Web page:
I really have to disagree. As authors we need to write the best books we can.
Of course we do. But it's a lousy keymaker who creates a key without considering the lock first.
That wasn't the point of my quote, though. After you write a book, and you're promoting it, there are different catagories of buyers. For example, when I speak at a mystery bookstore, it's a much different crowd than speaking at a literary festival.
Book readers fit into catagories. Die hard buyers, who read everything. Casual readers, who read a few books a year on vacation. Gift buyers. Johnny-come-latelys. Booksellers. People who never go into bookstores. These are all groups to target, and all should be approached in different ways.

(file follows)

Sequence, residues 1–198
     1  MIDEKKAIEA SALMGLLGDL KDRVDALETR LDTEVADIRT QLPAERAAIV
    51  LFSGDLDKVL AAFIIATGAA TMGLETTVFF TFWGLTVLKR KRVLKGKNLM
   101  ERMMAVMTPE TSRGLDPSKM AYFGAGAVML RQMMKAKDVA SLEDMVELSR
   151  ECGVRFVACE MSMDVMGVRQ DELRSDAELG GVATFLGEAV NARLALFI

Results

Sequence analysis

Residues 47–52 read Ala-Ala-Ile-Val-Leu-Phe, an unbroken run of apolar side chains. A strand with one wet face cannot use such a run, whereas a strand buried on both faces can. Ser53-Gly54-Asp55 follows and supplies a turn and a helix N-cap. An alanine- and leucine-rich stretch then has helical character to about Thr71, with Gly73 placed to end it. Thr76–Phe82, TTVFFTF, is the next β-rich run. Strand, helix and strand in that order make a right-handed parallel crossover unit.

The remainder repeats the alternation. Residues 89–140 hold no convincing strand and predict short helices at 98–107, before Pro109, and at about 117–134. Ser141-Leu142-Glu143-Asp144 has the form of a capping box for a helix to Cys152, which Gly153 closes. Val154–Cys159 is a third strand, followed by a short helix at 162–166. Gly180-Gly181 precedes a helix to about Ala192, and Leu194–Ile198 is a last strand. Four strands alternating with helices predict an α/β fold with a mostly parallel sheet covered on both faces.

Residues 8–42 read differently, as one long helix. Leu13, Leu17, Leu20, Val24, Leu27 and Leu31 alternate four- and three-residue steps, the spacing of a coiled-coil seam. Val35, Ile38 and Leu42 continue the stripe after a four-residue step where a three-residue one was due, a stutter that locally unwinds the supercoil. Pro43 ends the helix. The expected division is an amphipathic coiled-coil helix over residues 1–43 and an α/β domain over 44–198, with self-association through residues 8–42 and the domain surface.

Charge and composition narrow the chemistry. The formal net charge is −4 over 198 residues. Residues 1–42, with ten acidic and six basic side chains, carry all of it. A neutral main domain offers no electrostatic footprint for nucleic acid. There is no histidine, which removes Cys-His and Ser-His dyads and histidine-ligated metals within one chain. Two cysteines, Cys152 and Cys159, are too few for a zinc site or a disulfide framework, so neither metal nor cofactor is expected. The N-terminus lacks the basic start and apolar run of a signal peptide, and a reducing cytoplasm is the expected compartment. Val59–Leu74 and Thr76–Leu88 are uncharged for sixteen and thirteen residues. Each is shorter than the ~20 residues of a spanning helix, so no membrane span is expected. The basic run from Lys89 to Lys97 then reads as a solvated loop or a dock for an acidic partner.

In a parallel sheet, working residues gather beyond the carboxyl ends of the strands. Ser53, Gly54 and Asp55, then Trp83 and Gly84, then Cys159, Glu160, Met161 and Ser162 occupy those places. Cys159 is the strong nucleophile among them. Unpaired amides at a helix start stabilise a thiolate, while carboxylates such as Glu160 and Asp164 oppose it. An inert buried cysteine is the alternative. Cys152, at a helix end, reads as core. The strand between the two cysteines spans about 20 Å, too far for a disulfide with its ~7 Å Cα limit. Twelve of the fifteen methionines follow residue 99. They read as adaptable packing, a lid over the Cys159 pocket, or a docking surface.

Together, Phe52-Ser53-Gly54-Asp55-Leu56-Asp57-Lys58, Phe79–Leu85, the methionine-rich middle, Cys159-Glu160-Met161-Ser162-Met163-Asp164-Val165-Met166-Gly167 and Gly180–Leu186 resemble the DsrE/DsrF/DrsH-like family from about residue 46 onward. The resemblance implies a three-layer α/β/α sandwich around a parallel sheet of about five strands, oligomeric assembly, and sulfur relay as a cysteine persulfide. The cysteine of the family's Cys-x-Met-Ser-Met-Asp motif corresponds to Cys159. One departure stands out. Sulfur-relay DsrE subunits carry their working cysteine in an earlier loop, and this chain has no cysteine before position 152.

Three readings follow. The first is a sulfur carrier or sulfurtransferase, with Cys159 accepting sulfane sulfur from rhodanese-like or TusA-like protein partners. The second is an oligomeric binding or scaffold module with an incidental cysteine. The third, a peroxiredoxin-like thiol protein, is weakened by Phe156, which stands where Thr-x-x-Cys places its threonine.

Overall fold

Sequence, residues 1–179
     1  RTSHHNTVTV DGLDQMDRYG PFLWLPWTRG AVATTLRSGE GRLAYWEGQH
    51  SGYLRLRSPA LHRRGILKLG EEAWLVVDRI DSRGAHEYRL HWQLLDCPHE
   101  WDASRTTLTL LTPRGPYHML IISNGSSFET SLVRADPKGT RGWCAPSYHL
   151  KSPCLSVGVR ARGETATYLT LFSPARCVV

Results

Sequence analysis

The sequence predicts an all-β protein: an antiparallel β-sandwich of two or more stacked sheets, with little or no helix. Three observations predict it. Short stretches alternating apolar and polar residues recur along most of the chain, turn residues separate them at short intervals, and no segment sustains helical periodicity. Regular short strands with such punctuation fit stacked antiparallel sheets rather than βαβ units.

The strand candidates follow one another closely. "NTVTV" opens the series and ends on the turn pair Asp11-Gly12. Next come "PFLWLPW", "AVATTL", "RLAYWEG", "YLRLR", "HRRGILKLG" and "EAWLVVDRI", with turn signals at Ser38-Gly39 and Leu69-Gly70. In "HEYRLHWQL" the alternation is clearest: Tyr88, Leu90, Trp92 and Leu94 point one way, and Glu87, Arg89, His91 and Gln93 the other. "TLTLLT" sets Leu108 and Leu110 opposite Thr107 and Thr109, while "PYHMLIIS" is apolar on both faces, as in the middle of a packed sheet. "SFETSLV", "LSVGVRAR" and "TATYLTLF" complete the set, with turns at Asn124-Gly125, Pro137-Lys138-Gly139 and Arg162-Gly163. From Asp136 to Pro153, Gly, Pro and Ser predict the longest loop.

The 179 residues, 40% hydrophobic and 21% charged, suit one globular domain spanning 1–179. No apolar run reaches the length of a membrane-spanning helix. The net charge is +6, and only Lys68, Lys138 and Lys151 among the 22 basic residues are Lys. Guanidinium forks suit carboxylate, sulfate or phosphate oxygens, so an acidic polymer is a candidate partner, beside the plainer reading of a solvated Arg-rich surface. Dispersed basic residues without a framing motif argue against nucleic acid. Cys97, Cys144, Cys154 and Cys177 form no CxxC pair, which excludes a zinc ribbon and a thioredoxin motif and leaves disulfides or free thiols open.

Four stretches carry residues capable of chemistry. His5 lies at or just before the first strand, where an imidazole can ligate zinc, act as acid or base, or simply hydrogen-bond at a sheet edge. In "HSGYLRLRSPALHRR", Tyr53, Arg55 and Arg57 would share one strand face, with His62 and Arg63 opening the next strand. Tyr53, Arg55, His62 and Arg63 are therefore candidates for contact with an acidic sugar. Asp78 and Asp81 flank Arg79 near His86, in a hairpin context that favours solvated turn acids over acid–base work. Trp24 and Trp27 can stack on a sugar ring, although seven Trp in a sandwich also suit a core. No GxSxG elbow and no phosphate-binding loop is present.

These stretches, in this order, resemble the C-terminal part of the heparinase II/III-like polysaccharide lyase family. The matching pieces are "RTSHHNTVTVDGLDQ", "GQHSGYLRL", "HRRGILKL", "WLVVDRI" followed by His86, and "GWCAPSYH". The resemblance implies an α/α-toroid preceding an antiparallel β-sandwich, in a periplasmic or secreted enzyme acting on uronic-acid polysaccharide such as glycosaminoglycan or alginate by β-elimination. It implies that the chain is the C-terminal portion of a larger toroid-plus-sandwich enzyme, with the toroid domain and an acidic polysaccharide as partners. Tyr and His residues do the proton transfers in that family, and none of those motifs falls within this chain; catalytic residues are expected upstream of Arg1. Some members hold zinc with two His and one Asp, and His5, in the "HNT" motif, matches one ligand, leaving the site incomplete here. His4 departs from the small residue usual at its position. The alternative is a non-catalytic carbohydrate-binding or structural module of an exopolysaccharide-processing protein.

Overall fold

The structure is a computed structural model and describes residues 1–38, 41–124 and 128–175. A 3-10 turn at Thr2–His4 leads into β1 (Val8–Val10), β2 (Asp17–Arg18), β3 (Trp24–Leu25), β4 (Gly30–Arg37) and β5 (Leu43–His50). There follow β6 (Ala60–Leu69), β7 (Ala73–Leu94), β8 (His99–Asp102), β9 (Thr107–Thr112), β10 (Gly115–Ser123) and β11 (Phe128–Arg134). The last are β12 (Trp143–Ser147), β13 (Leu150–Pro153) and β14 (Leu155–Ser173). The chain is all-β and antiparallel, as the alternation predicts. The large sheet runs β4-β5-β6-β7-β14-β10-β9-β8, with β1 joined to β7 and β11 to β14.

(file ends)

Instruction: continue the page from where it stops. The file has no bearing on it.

Any other marketing we do is invisible if the publisher isn't already doing its job. As far as running around to bookstores takes time and energy away from writing, it's counterproductive.
Your publisher is your business partner, not your boss. You're both responsibly for marketing.
You can write a great book, with great distibution and a decent marketing campaign, and it can still slip through the cracks. The more people you reach to tell about the book, the better off you are. And it's possible to reach a lot of people on your own.
No one mentioned marketing at the expense of writing. Marketing is what happens after you've written a great book.
The more promotion you do, the more books you'll sell, the more you'll strengthen your brand. You can have a zillion legitimate reasons not to do any sort of promotion. Numbers don't care about your reasons. Neither do publishers when they're looking to buy books.